Heritage, Religion & Xenophobia In Words At #Intwasa17
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#Intwasa17: Heritage, Religion & Xenophobia In Words

About this years Women, Wine & Words Poetry event at Intwasa

Heritage, Religion & Xenophobia In Words At #Intwasa17Despite the unexpected chilly weather (ironically Intwasa means Spring but the weather that night was in protest), in the grand garden of the National Gallery in Bulawayo, lovers of Spoken Word and the occasional glass of wine, showed up for the annual Women, Wine and Words evening. The show has been a part of Intwasa for roughly three years through its support from the British Council.

The Afro Queens, an all-girl band welcomed everyone rather seamlessly with Mbira Guitar and Drum. The mood they introduced combined with a glass of wine was a setup for the perfect night of flawless poetry as promised.

A Poetry medley was initiated Black Lily who from the second she held onto the mic, made us understand why they call her an ‘Angry Poet’.  Tackling questions of blackness, beauty, she shared her desire soulful connections in a world more physical. Lady Tshawe was unapologetic about her Christian faith, her first poem was dedicated to the man above and how she loves and adores him. The performance merged song – a fusion which led the audience to hum along.Heritage, Religion & Xenophobia In Words At #Intwasa17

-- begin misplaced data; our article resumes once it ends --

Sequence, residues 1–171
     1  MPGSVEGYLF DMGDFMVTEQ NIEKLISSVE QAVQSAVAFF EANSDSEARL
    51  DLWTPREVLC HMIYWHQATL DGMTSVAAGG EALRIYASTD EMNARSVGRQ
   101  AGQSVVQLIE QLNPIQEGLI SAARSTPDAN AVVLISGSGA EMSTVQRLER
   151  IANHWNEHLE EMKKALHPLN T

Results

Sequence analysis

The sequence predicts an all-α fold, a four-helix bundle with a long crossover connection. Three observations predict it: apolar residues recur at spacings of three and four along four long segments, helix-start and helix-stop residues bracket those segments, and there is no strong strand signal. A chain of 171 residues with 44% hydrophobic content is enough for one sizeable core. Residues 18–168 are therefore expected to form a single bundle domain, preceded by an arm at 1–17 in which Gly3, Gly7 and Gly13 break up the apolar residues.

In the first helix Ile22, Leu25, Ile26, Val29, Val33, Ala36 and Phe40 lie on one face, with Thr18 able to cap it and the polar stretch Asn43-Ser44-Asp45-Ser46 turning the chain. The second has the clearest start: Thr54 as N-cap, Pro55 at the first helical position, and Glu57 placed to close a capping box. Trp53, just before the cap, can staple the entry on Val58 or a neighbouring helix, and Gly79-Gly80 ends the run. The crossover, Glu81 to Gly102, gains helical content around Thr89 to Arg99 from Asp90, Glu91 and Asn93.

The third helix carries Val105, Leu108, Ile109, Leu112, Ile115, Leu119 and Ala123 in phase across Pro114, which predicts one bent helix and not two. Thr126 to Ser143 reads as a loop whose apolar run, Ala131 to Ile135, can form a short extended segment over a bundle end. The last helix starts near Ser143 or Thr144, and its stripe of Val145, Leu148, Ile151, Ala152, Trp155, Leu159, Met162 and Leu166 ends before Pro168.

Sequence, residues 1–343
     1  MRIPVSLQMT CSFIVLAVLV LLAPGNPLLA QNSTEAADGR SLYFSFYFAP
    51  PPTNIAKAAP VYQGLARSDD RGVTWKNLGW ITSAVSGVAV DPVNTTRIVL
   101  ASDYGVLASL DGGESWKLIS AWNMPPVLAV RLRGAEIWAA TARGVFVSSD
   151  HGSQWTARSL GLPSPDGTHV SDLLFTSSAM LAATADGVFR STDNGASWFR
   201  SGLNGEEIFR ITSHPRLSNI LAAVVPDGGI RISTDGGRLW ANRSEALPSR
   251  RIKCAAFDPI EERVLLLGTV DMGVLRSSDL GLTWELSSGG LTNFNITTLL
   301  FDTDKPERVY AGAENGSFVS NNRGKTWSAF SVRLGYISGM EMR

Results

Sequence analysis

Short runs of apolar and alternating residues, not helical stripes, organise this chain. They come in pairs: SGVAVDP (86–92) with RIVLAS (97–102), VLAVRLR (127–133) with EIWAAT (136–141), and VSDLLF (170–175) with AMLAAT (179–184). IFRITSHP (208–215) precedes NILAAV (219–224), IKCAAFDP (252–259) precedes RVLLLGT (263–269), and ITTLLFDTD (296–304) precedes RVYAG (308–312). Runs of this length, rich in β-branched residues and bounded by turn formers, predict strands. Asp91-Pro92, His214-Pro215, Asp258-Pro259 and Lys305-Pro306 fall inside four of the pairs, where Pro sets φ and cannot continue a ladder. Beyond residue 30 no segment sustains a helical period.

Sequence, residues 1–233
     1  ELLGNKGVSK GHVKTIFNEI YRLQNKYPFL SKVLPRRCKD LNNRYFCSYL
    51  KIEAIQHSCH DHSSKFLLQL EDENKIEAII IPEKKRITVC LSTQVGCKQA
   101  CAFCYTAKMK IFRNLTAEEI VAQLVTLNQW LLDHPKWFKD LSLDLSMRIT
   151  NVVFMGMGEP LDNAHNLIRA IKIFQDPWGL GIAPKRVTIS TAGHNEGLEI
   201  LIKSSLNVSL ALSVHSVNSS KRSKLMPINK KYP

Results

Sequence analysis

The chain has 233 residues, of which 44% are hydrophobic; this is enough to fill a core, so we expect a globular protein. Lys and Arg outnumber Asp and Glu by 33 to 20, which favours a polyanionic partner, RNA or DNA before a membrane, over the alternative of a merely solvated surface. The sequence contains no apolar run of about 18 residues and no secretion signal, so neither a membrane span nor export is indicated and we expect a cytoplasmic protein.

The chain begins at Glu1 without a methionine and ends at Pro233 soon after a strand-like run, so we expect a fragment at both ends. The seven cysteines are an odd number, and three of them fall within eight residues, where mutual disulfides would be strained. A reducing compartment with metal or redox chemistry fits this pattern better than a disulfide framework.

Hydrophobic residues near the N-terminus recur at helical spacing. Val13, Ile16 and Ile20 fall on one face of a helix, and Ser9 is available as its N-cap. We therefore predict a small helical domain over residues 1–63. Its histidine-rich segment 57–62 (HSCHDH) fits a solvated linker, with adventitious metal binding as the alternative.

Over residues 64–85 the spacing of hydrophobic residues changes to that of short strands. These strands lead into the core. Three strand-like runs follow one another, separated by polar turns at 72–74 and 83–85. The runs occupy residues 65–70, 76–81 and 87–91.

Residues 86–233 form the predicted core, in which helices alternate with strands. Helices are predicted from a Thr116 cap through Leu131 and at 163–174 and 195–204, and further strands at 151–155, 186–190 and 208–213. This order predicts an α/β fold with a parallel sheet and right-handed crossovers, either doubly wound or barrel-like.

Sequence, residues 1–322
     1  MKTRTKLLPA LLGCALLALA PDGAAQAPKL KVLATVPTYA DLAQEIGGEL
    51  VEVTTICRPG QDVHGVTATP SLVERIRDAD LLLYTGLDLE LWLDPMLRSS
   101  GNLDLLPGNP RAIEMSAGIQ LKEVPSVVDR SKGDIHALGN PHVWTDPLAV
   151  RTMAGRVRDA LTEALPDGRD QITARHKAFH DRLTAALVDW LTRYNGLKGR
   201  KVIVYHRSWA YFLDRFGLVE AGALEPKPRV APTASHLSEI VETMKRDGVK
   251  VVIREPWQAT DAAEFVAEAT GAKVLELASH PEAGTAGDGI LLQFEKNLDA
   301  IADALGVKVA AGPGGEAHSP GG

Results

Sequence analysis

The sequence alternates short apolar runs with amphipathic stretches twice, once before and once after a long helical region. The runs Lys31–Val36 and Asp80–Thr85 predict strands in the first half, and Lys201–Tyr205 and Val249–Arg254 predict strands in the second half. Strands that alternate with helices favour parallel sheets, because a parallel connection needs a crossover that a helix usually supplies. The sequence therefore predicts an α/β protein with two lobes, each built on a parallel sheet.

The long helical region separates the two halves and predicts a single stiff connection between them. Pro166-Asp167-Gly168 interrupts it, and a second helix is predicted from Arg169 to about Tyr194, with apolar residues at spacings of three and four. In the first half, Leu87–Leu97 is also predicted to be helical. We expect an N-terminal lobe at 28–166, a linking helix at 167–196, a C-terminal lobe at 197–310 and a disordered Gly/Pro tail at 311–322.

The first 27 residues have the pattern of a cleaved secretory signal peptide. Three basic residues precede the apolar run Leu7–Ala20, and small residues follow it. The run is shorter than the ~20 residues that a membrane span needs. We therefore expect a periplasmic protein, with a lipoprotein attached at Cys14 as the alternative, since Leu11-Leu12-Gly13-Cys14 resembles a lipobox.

Petronella Nyirenda showed off her Zambian heritage, referring to the rights of her fellow women with issues of security, acceptance, and abuse in words that were seasoned with salt. Her words were from the abyss of her heart postulating past experiences she cried out for her female counterparts.

 

Heritage, Religion & Xenophobia In Words At #Intwasa17

Katleho Shoro, a poet from South Africa, followed up with a poetic travel tour making reference to the landmarks in her country, giving them characters. Katleho, gripped the audience with Burning Men, a tale about xenophobia and the horrors it entailed.  Silence engulfed the garden as she narrated and the persecution by mankind against its own kin. Tears trickled from her eye as she wove these words together.

Last but not the least was the British artist Indigo Williams whose Poetry narrated the childhood experience of growing up through the dual heritage of being Nigerian and British at the same time.

 

It’s not often that we get to hear the deepest sentiments of women based on their day-to-day experiences, thoughts, and philosophies. Women, Wine & Words contrary to its critics focused less on the presentation of the word but instead on the weight of it. Words that needed to be heard, subject matter that needed to be broached streaming all into flavourful calabash of food for thought – a perfect start to the poetry journey at #Intwasa17 and a well-deserved celebration of Women Wordsmiths!

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